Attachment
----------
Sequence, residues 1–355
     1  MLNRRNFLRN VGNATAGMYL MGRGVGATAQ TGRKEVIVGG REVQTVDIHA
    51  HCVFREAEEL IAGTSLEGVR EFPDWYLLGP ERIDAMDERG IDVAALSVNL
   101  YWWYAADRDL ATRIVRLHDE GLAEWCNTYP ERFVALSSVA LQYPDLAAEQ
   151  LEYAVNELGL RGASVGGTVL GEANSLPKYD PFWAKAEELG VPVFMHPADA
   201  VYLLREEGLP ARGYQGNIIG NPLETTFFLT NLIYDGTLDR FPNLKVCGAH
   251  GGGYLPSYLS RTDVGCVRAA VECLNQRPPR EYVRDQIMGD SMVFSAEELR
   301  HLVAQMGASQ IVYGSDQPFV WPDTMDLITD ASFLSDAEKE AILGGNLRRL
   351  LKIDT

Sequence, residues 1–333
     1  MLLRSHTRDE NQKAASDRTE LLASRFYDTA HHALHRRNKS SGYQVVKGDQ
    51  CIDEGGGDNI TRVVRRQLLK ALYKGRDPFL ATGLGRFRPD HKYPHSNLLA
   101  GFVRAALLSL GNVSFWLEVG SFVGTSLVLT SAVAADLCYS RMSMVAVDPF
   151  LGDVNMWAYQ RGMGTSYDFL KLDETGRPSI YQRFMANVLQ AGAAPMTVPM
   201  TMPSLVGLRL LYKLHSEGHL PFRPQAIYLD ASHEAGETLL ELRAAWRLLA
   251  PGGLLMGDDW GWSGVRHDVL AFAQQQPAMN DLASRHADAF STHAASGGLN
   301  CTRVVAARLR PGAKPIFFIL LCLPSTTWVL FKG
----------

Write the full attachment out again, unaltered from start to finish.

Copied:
Sequence, residues 1–355
     1  MLNRRNFLRN VGNATAGMYL MGRGVGATAQ TGRKEVIVGG REVQTVDIHA
    51  HCVFREAEEL IAGTSLEGVR EFPDWYLLGP ERIDAMDERG IDVAALSVNL
   101  YWWYAADRDL ATRIVRLHDE GLAEWCNTYP ERFVALSSVA LQYPDLAAEQ
   151  LEYAVNELGL RGASVGGTVL GEANSLPKYD PFWAKAEELG VPVFMHPADA
   201  VYLLREEGLP ARGYQGNIIG NPLETTFFLT NLIYDGTLDR FPNLKVCGAH
   251  GGGYLPSYLS RTDVGCVRAA VECLNQRPPR EYVRDQIMGD SMVFSAEELR
   301  HLVAQMGASQ IVYGSDQPFV WPDTMDLITD ASFLSDAEKE AILGGNLRRL
   351  LKIDT

Sequence, residues 1–333
     1  MLLRSHTRDE NQKAASDRTE LLASRFYDTA HHALHRRNKS SGYQVVKGDQ
    51  CIDEGGGDNI TRVVRRQLLK ALYKGRDPFL ATGLGRFRPD HKYPHSNLLA
   101  GFVRAALLSL GNVSFWLEVG SFVGTSLVLT SAVAADLCYS RMSMVAVDPF
   151  LGDVNMWAYQ RGMGTSYDFL KLDETGRPSI YQRFMANVLQ AGAAPMTVPM
   201  TMPSLVGLRL LYKLHSEGHL PFRPQAIYLD ASHEAGETLL ELRAAWRLLA
   251  PGGLLMGDDW GWSGVRHDVL AFAQQQPAMN DLASRHADAF STHAASGGLN
   301  CTRVVAARLR PGAKPIFFIL LCLPSTTWVL FKG